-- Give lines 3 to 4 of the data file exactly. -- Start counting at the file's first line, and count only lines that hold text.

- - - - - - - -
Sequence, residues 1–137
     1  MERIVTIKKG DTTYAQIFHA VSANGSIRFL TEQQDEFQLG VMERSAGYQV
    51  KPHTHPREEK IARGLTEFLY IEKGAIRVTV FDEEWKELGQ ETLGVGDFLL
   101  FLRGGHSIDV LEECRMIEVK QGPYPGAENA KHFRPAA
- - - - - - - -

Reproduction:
    51  KPHTHPREEK IARGLTEFLY IEKGAIRVTV FDEEWKELGQ ETLGVGDFLL
   101  FLRGGHSIDV LEECRMIEVK QGPYPGAENA KHFRPAA